Paul wanted to make clear, so that no one would misunderstand what he was saying, that Jesus didn’t come into the world just to save those other bad people. Jesus came to save all of us. This is the same Apostle Paul who wrote to the church at Rome, “For there is no distinction, since all have sinned and fall short of the glory of God; they are now justified by his grace as a gift, through the redemption that is in Christ Jesus, whom God put forward as a sacrifice of atonement by his blood, effective through faith” (Romans 3:22-25).

In no way was he going to distance himself from sin. In no way was he talking from the perspective of self-righteousness in his own endeavor to create a pure heart in himself, a good conscience in himself, and a sincere faith in himself, which emerged ultimately into sound doctrine and a godly lifestyle by love. Paul was not even just providing a rhetorical device to drive home his point by implicating himself as a sinner. Paul was driving the stake in the ground as to why Jesus Christ came. He was defining the glorious Gospel, the Good News. He was implicating himself as one who needed this Good News just as much as anyone else. His bottom line declaration is, “The saying is sure and worthy of full acceptance that Christ Jesus came into the world to save sinners, of whom I am the foremost.”

What did Jesus Christ come to do? Jesus Christ came to save sinners like you and me.

Question Two: What is your story?

Answer: You tell me.

The Apostle Paul tells his story. He says, “I am grateful to Christ Jesus our Lord, who has strengthened me, because he judged me faithful and appointed me to his service, even though I was formerly a blasphemer, a persecutor, and a man of violence. But I received mercy because I had acted ignorantly in unbelief, and the grace of our Lord overflowed for me with the faith and love that are in Christ Jesus” (1 Timothy 1:12-14).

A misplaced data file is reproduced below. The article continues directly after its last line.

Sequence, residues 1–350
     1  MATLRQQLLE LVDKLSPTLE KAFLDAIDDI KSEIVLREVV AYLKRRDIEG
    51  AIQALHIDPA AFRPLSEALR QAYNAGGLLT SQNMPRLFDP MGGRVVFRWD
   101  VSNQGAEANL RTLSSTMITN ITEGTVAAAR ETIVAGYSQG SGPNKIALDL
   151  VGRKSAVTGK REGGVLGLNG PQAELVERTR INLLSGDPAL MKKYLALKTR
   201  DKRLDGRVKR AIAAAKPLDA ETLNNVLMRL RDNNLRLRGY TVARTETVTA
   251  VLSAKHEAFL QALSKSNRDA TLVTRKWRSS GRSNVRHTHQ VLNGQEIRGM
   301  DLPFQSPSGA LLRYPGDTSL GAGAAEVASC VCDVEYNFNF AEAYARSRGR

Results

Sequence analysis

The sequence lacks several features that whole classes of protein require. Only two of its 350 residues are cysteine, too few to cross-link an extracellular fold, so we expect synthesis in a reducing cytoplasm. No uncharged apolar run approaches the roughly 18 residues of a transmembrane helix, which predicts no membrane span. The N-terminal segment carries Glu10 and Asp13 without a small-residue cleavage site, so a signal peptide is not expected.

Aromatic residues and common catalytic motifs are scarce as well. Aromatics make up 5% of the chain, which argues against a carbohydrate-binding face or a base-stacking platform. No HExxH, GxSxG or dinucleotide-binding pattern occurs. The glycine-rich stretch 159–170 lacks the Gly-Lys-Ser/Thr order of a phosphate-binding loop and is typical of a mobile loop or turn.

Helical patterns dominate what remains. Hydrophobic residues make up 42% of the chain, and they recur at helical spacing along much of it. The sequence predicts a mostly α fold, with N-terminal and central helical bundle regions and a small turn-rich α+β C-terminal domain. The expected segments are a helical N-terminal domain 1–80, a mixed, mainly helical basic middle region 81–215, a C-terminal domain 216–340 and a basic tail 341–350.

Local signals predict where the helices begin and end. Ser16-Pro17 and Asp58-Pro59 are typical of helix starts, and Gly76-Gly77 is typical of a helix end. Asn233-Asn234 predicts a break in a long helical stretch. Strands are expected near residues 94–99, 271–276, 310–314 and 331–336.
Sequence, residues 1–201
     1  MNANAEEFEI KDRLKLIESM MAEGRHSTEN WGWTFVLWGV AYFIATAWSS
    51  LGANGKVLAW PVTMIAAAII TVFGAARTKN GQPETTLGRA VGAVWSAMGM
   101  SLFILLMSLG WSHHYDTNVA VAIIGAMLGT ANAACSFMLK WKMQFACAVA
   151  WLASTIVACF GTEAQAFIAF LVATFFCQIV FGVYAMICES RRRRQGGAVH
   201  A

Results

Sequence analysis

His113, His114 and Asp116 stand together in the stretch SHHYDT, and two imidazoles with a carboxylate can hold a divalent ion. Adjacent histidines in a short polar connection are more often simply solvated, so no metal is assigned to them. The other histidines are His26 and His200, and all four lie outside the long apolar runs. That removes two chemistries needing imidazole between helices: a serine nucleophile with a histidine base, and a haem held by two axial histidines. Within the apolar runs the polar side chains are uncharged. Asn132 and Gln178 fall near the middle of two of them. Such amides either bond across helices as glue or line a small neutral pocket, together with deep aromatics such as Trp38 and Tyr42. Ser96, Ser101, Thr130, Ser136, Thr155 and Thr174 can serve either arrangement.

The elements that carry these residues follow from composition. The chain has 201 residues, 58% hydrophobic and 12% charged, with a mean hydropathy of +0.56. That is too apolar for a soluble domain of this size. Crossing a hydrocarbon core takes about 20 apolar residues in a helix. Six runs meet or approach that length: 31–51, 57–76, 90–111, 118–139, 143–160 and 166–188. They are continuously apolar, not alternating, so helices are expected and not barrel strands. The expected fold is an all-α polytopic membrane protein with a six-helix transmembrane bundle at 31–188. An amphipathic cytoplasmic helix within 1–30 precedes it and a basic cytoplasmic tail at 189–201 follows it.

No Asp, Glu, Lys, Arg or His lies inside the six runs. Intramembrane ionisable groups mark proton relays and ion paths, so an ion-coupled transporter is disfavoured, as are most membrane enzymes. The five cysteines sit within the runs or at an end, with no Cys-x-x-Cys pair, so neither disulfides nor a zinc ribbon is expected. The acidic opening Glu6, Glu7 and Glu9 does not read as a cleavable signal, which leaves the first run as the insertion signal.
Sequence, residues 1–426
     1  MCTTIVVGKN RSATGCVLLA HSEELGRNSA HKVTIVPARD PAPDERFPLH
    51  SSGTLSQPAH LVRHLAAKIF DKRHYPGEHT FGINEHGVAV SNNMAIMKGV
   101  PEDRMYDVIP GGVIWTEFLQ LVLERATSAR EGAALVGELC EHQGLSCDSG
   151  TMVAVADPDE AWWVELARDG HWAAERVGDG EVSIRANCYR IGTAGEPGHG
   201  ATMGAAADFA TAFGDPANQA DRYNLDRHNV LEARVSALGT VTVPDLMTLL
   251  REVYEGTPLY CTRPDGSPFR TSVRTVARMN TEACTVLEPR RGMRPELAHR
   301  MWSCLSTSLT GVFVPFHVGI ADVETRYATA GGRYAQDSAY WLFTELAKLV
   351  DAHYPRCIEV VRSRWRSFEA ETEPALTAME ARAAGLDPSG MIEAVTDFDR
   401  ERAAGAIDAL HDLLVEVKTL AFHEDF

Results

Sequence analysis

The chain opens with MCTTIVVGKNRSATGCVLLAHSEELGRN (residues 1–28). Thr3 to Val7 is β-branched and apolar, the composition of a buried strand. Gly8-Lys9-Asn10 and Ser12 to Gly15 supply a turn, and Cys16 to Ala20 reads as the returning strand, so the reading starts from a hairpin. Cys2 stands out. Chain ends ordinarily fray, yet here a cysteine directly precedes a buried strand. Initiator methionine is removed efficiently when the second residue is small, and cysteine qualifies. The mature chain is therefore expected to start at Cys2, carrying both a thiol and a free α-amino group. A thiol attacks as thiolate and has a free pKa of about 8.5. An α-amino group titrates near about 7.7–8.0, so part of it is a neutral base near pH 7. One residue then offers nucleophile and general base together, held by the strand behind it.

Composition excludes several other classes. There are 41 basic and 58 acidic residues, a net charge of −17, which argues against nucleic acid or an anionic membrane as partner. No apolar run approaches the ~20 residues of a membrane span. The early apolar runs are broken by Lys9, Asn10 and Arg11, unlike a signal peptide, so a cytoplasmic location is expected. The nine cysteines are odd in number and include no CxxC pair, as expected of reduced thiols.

Paul cites this glorious grace of Jesus Christ operating in his life as a model for the rest of us. When he declared himself to be the “foremost” of sinners, he is dramatically declaring the ambiguity that marks all of our lives. On the one hand, Paul could have built a great case for how good he had been. In fact, he does that in Philippians 3, when he describes his adherence to the Old Testament law in these terms: “. . . as to righteousness under the law, blameless” (Philippians 3:6). He had been the ultimate, straight-arrow Jewish religious practitioner. He had done everything he could to uphold the laws of God, even to the point of becoming a religious zealot who was putting down anything he thought not to be in conformance with God’s will. So now, looking back on those days, he realized that his faithful religious observances had fallen short. Not only that, they had driven him to a violent endeavor to enforce what he thought to be God’s will. He refers to himself as being formerly a “blasphemer, a persecutor, and a man of violence.”